Using The Economist‘s description of data as the oil of today — the most valuable commodity in our economy — Vinci argued the agency must deploy it and help pay the American people back for the investment they have made in building the agency. If data is the new oil, Vinci said companies should “turn it into plastic,” adding value.

Cardillo told reporters would NGA would create a B corporation — in effect a non-profit government company — and hire an outsider to run it.

This, I think it’s fair to say, is not a slam dunk. Culturally, it will be challenging, Vinci admitted. “It’s straightforward, but it sort of breaks every rule we have in the IC (Intelligence Community).” The IC doesn’t share data and it doesn’t partner with outsiders, except for allied and friendly governments when needed.

This process may sidestep the whole process of generating a requirement for an intelligence system. “I don’t think that’s how problems can be solved any more,” Vinci said. The current system, which can be circumvented if an urgent need exists, is generally slow and restrictive, one that the Pentagon and the IC are increasingly trying to amend.

I spoke with three senior industry officials who listened to Vinci’s presentation and they were hopeful but cautious. All three said they thought the new effort could yield unexpected and useful returns on taxpayer’s investments in the data.

The biggest obstacle may be Congress. Although NGA would not be making money from the data sharing and it would not be releasing any data that could help our enemies, they would be sharing a government resource which voting taxpayers paid for and over which lawmakers have oversight. Whether the products resulting from the data would be licensed back to NGA, or allowed to generate profits for companies is all still to be determined.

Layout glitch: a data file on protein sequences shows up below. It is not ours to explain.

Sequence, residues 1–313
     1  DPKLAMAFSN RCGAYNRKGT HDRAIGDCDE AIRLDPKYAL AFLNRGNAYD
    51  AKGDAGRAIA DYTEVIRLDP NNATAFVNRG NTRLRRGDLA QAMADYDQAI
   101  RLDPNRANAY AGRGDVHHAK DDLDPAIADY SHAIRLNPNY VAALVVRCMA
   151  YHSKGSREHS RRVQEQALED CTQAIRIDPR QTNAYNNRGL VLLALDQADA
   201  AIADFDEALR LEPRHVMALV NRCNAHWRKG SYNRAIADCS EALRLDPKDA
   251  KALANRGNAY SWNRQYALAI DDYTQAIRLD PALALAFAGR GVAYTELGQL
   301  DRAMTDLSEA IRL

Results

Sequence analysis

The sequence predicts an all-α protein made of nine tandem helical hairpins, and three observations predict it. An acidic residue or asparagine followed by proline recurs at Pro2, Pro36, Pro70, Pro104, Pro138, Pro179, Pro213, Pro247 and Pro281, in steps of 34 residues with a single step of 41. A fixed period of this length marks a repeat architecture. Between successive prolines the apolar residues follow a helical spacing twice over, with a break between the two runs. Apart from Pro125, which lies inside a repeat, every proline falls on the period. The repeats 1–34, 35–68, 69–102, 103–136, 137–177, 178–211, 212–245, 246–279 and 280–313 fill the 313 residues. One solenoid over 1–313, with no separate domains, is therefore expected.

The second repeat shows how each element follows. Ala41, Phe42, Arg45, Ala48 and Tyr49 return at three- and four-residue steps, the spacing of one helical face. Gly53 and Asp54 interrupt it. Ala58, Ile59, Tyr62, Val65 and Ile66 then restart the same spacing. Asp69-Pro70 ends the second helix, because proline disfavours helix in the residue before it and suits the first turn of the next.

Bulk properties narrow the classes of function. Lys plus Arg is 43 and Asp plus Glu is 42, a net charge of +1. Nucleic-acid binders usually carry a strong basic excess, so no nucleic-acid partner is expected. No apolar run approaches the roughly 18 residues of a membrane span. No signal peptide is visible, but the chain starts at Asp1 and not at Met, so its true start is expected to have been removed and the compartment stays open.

“That’s part of what were trying to figure out Vinci told me,: “taxpayers paid for this data and how can we get that value back to them.”

http://breakingdefense.com/2017/06/nga-to-offer-data-to-industry-for-partnerships/

 

Big Industry Winners in the Saudi Weapons Offer

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SAUDI-DEFENCE

(Photo Credit: FAYEZ NURELDINE/AFP/Getty Images)

“DEFENSE NEWS”

“The big winner, at least on the platform side, is Lockheed Martin, with an estimated $29.1 billion in potential sales.

That includes seven THAAD missile defense batteries ($13.5 billion), and three KC-130J and 20 C-130J aircraft ($5.8 billion), as well as four multi-mission surface combatant ships ($6 billion)

Now that details of the $110 billion arms package offered to Saudi Arabia are known, Lockheed Martin appears to be the clear winner among American defense firms.

First, a caveat: Defense News broke the details of the roughly $84 billion in unknown weapons offerings that President Donald Trump brought with him on a May 20 visit to the Kingdom. But by the nature of how foreign military sales are completed, dollar totals are best-guess estimations and likely represent the ceiling for what could be spent. The figures listed may well come down, and the timeframes listed may well change, based on final negotiations around the equipment.

the company’s Sikorsky arm also benefited, with two types of Black Hawk variants: 14 MH-60R Seahawk rotorcraft ($2 billion) and 30 UH-60 rescue helicopters ($1.8 billion). That could potentially grow. A statement from Lockheed, released after the visit to Saudi Arabia, claimed that a deal was being reached with Saudi company Taqnia to “support final assembly and completion of an estimated 150 S-70 Black Hawk utility helicopters for the Saudi government.”

A few other companies also fared well.